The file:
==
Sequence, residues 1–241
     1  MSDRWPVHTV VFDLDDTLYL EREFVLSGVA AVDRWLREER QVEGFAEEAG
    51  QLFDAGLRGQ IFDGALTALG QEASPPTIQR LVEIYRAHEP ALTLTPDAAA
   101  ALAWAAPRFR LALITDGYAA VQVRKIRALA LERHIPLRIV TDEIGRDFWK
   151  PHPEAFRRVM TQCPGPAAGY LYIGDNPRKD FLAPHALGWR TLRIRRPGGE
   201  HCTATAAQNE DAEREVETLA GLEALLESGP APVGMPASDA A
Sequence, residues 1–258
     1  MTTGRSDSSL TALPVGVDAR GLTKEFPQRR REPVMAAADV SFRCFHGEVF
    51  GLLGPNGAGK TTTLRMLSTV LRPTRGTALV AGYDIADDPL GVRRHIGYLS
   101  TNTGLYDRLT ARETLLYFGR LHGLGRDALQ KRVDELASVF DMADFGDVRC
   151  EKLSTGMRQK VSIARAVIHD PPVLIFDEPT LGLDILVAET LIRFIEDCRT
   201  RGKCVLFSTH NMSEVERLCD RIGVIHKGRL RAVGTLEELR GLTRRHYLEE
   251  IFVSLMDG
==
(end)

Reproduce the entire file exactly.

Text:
Sequence, residues 1–241
     1  MSDRWPVHTV VFDLDDTLYL EREFVLSGVA AVDRWLREER QVEGFAEEAG
    51  QLFDAGLRGQ IFDGALTALG QEASPPTIQR LVEIYRAHEP ALTLTPDAAA
   101  ALAWAAPRFR LALITDGYAA VQVRKIRALA LERHIPLRIV TDEIGRDFWK
   151  PHPEAFRRVM TQCPGPAAGY LYIGDNPRKD FLAPHALGWR TLRIRRPGGE
   201  HCTATAAQNE DAEREVETLA GLEALLESGP APVGMPASDA A
Sequence, residues 1–258
     1  MTTGRSDSSL TALPVGVDAR GLTKEFPQRR REPVMAAADV SFRCFHGEVF
    51  GLLGPNGAGK TTTLRMLSTV LRPTRGTALV AGYDIADDPL GVRRHIGYLS
   101  TNTGLYDRLT ARETLLYFGR LHGLGRDALQ KRVDELASVF DMADFGDVRC
   151  EKLSTGMRQK VSIARAVIHD PPVLIFDEPT LGLDILVAET LIRFIEDCRT
   201  RGKCVLFSTH NMSEVERLCD RIGVIHKGRL RAVGTLEELR GLTRRHYLEE
   251  IFVSLMDG